Yesterday, the Tennessee Committee to Study the Administration
of the Death Penalty resumed its work after several months of inactivity because of the legislative session. The Committee divided into three sub-committees in order to attempt to cover the enormous amounts of material which must be examined by year’s end. The three sub-committees are: Accuracy, Fairness, and Promptness.
The Promptness sub-committee (whose title is a bit misleading) met for the first time yesterday to begin with a broad overview of the issues which it is to address including: the needs of surviving victims of murder and execution; direct appeal and post conviction review proceedings; mental retardation, mental illness, and the death penalty; and geographic, economic, and racial discrimination in the death penalty system.
Pictures from the meeting can be seen by clicking HERE.
In the meeting yesterday, Verna Wyatt, Director of You Have the Power, a victims’ advocacy organization showed the film, “The Other Side of Death Row,” which interviewed several family members of those who were murdered in Tennessee and the painful journey which they have endured waiting for executions to be carried out.
What I repeatedly heard in that video was the torment that these families go through over years and years of appeals. In fact, two of the family members stated that if it was going to take so long, why didn’t the state just give these guys life without parole? Another recurring theme was that “closure” is an elusive concept that no sentence can ever bring. This video highlighted for me that the death penalty system does not serve victims’ who agonize for years as cases are in legal limbo, and in fact, adds to their suffering.
The Tennessee state Treasurer also spoke to the victim’s compensation program and the financial help that is available to crime victims’ or families of crime victims. This program is comparable to many state programs and does good work in addressing some of the needs of victims. However, as with all state programs, money is tight. I couldn’t help but wonder how much more assistance could be given victims if the millions of dollars we spend to seek the death penalty (often resulting in a life sentences anyway) could be used to supplement this needed compensation fund.
Elizabeth Ryan of the Attorney Generals’ office testified concerning the direct appeal and post conviction process, though with significant gaps of information which the committee still needs to address. Specifically, the question which continued to be asked by Representative Dunn, “where does the process get so delayed?” Ryan conceded that sometimes it is the state who delays and sometimes the defense. However, though many assume that defendants plug up the process with appeals, when talking to attorneys and inmates alike, I have discovered that it is often the courts themselves who are slow to act, sometimes sitting on cases for years before they render a decision. Limiting appeals is not the answer to dealing with the delays, particularly considering that even with a lengthy appeals process, 129 people have been released from death rows nationally when evidence of their innocence emerged, sometimes after 20 years on death row.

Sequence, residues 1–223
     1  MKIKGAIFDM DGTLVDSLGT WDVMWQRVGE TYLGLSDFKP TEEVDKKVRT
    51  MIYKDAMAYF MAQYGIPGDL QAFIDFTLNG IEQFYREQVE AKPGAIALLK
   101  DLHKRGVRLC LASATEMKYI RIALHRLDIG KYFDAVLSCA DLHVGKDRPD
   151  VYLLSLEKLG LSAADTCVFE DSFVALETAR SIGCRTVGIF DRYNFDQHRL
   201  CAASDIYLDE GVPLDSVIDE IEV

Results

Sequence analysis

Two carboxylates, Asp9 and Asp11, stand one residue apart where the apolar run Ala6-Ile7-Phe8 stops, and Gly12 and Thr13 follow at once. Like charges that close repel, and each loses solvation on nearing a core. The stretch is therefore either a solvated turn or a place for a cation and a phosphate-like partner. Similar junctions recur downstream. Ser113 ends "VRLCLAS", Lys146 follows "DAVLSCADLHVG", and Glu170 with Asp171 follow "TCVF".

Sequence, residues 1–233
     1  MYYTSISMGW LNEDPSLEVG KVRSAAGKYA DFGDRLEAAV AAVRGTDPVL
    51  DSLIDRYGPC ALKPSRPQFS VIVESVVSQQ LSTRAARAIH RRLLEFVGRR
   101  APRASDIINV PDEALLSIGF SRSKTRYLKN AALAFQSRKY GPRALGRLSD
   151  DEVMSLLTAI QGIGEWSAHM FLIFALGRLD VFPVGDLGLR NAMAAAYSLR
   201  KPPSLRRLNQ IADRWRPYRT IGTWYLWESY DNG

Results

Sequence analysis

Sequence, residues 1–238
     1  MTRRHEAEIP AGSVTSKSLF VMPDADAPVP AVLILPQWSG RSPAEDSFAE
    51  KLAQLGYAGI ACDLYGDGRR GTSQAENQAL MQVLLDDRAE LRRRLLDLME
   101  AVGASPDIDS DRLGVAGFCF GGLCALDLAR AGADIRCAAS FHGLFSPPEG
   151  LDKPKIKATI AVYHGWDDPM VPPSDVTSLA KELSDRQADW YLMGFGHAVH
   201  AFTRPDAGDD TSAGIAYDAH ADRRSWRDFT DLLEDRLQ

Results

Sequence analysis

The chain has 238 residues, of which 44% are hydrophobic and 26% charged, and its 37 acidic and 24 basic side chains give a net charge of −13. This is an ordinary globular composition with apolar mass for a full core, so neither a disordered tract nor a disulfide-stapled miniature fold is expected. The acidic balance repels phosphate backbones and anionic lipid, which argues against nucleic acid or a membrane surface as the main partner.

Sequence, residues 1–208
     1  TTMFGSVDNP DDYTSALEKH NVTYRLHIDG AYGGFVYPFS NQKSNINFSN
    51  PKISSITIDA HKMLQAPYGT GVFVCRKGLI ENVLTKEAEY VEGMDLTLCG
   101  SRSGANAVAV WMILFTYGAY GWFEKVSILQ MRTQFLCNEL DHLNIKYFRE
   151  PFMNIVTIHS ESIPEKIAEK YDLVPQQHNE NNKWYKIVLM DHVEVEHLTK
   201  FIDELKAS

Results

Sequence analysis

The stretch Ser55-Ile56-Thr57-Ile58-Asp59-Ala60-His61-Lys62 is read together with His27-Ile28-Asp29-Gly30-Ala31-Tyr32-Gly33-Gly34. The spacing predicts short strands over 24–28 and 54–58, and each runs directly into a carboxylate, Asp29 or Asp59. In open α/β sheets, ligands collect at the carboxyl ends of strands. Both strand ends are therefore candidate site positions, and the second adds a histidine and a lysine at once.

Finally, Dr. Pam Auble testified about her work with many of the inmates on Tennessee’s death row and how mental illness and brain injury affect that population of people. Very significantly, she discussed the population of inmates (12 of the 49 with whom she has worked) who have severe mental illness with psychotic features and who can’t appreciate reality. Many of these inmates have long histories of such mental illness and have been diagnosed years before coming to death row.
The case of former Tennessee death row inmate, Richard Taylor, is an example of the problems with attempting to execute those with severe mental illness. Besides the fact that such executions are immoral since these inmates cannot appreciate the reality of their crimes, seeking their executions is extremely time consuming and wasteful. Richard Taylor, who had been diagnosed with severe mental illness, received a death sentence for killing a correctional officer while off of his medication. After 20 years of litigation, Taylor recently accepted a life sentence rather than enduring a new trial. Imagine the years of agony the victims‘ family would have been spared as well as the millions of dollars to the state if a life sentence had be given to this very sick man in the first place.
TCASK will continue to keep you informed of these Committee meetings and hope that you will consider attending. There is so much work to be done, and I applaud the committee members for their commitment to this process. As citizens, we must inform our legislators about this work and demand that serious reform be a result. Reforms to the system will reduce the numbers of people sentenced to death and demonstrate to citizens that we do not need the death penalty to protect society and hold others accountable. In fact, the death penalty may do far more harm to all of us.
Read Tennessean article here
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